Also, I have a really hard time accepting that all theists process the divine the same way. And that it is separate from how all the non-theists process the divine.
You said no one in this day and age imagines god as some bearded man in the sky. We were created in his image this includes the fact that we have bodies. GOD has a spirit soul and body that is all one unlike our current condition. He is much larger, a giant in comparison than human beings. He is also made up of more light which is spread out. Why do some look for answers imagining some other form of god than that of our own form? Why do some look to become something they are not thinking that they will no longer have a body when they enter the kingdom and somehow think this is some kind of progression. We are in the current condition due to the fall. We strive to get back to the premortal condition and again being in the total image of god.
 

donnann

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Yes, some still believe in the Old white guy in the sky... thunder when he's bowling and rain...
lol . don't think god would bowl. It would get boring because he would bowl a 300 every time.
 

Gordian Knot

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You said no one in this day and age imagines god as some bearded man in the sky. We were created in his image this includes the fact that we have bodies. GOD has a spirit soul and body that is all one unlike our current condition. He is much larger, a giant in comparison than human beings. He is also made up of more light which is spread out. Why do some look for answers imagining some other form of god than that of our own form? Why do some look to become something they are not thinking that they will no longer have a body when they enter the kingdom and somehow think this is some kind of progression. We are in the current condition due to the fall. We strive to get back to the premortal condition and again being in the total image of god.

Donnann, you may be right, you may not. I certainly do not know never having met the Big Guy personally. My experience, however, is that being too literal about one's theology is almost always not a good idea.
 

donnann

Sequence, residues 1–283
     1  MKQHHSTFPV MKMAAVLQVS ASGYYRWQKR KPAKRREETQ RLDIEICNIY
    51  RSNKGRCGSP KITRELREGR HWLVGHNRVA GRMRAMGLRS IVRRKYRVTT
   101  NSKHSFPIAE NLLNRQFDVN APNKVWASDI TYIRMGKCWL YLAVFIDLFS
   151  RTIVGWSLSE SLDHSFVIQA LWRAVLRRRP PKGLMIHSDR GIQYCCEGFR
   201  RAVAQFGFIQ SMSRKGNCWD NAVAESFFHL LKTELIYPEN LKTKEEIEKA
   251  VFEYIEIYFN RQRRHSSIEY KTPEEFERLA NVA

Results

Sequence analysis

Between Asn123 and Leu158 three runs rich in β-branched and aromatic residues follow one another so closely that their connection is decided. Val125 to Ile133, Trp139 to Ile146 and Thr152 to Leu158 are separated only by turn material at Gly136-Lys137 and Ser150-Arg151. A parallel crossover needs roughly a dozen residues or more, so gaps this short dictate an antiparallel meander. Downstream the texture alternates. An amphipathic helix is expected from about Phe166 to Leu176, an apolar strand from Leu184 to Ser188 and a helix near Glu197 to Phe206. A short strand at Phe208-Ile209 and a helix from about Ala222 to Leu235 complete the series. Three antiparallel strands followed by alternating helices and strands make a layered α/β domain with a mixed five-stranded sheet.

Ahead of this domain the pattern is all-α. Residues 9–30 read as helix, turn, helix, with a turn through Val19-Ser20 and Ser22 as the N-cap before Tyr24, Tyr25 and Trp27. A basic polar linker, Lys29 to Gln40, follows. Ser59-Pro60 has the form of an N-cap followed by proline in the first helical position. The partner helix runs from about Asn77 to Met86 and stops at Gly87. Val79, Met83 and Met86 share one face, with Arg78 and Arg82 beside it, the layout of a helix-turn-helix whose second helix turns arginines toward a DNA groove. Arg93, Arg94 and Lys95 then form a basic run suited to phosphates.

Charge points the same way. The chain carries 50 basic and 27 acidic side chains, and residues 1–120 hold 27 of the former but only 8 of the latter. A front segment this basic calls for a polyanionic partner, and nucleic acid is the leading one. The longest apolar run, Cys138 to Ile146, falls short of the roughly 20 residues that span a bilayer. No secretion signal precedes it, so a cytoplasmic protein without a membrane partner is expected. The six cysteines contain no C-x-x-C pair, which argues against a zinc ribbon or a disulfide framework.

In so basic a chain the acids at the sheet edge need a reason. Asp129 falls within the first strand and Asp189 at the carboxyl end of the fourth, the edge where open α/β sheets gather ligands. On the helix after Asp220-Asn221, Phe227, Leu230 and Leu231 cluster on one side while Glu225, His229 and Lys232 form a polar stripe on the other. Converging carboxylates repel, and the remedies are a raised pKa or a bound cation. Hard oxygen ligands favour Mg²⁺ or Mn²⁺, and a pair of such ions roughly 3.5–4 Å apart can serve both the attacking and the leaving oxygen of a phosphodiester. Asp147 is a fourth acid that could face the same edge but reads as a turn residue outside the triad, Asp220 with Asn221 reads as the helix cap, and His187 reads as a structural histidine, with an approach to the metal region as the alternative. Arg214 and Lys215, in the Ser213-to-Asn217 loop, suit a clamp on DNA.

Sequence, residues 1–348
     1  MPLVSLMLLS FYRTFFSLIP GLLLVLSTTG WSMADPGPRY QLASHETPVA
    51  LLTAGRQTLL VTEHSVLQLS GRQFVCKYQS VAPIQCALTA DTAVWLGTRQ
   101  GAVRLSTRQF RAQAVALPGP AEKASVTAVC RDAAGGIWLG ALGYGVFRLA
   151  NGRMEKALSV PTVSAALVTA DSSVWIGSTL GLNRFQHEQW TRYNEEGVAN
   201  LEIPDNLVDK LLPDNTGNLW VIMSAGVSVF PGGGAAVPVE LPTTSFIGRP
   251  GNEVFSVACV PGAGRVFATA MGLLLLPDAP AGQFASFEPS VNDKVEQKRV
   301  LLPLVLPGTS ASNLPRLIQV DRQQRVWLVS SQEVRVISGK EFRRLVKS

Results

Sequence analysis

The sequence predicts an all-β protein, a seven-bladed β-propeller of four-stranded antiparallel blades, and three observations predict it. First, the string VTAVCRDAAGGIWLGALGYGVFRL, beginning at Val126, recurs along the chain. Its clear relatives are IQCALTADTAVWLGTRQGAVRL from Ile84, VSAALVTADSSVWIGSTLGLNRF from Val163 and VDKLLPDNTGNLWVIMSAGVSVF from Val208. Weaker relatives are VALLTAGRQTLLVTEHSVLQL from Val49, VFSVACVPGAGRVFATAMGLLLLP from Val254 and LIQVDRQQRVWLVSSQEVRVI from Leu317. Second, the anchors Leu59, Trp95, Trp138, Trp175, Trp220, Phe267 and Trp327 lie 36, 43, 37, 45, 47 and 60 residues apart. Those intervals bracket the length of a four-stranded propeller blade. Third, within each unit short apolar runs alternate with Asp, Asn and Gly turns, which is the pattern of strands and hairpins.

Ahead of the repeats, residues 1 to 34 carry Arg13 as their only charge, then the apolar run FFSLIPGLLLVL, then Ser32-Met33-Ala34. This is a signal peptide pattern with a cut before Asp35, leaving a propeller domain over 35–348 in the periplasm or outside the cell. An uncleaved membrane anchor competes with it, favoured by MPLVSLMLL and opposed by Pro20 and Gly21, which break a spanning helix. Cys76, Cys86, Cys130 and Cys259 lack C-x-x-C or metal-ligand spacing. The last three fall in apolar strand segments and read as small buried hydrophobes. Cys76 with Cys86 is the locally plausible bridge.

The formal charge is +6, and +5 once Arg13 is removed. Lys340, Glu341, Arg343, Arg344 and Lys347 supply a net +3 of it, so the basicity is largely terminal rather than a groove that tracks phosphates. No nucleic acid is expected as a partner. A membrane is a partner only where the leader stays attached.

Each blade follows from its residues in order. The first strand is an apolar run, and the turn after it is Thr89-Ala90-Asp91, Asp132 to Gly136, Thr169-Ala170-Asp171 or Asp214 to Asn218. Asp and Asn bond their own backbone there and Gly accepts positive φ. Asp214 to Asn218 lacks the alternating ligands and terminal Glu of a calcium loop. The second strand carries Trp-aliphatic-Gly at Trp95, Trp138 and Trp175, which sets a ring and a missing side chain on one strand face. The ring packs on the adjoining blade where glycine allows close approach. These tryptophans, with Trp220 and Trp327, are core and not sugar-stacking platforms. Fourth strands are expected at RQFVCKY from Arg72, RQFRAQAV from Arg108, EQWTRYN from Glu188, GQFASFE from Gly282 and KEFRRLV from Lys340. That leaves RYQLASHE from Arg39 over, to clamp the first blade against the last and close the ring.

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Donnann, you may be right, you may not. I certainly do not know never having met the Big Guy personally. My experience, however, is that being too literal about one's theology is almost always not a good idea.
I believe that there are things in the bible that are symbolic to represent something literal. If I took everything literally as written I would come out with the opposing meaning.
 

A Cup Of Tea

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I was trying to let you know that there are people who believe god has the body like a man.

ok, but I didn't say anything about "no one in this day and age imagines god as some bearded man in the sky". Sometimes I feel like you only skim through what I write!
 

donnann

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ok, but I didn't say anything about "no one in this day and age imagines god as some bearded man in the sky". Sometimes I feel like you only skim through what I write!
sorry I mixed you up with someone else posting :(
 

Tadashi

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You said no one in this day and age imagines god as some bearded man in the sky. We were created in his image this includes the fact that we have bodies. GOD has a spirit soul and body that is all one unlike our current condition. He is much larger, a giant in comparison than human beings. He is also made up of more light which is spread out. Why do some look for answers imagining some other form of god than that of our own form? Why do some look to become something they are not thinking that they will no longer have a body when they enter the kingdom and somehow think this is some kind of progression. We are in the current condition due to the fall. We strive to get back to the premortal condition and again being in the total image of god.

donnann, It was me who said this. But this was my personal opinion (as I inserted 'I don't think'). Yes, we're created in His image, but I take that as we possess God's characteristics in ourselves (as in valuing morals/virtues and potential to love unconditionally, etc...).

Since I imagine heaven is not a physical but a spiritual dimension, I don't picture ourselves (or God) having physical bodies in there (but we may see our bodies as a projection of our consciousness, that I don't know...), but of course I could be wrong, I've never been there, or I don't remember it at all if I've seen the glimpse of it between my reincarnations.:p

Tad
 

Tadashi

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Hi ACOT,
(Me:Black, You:Blue)

Thanks for giving me some bakground but...I don't think you're reading me right, or I'm not reading you right.
First, I was talking about people who 'reject the divine'. This is not me, I'm not talking about myself, I'm not talking about my concept of what god is, I don't have one. I'm talking about all the thousand reasons people have for rejecting the divine, whatever it is.

Yea... I'm now realizing we're not on the same page as to what we think we're talking about, and it's probably I'm processing everything through the lens of a theist. It has become a habit of mine and I sometimes feel that I need to reboot my mind to understand a secular point of view. Sorry about my presupposition of what I thought you may be thinking, and thank you for reminding me that I should not presuppose (which I often forget that I'm even doing it).


NOW, if they reject the divine, it doesn't really matter how you define it, if you ever mention God, Jesus, bible, afterlife, whatever, you will lose them. They will reject everything you have to say on the subject, right? SO, if you still want to help them despite this, there are different strategies for people to find meaning in life.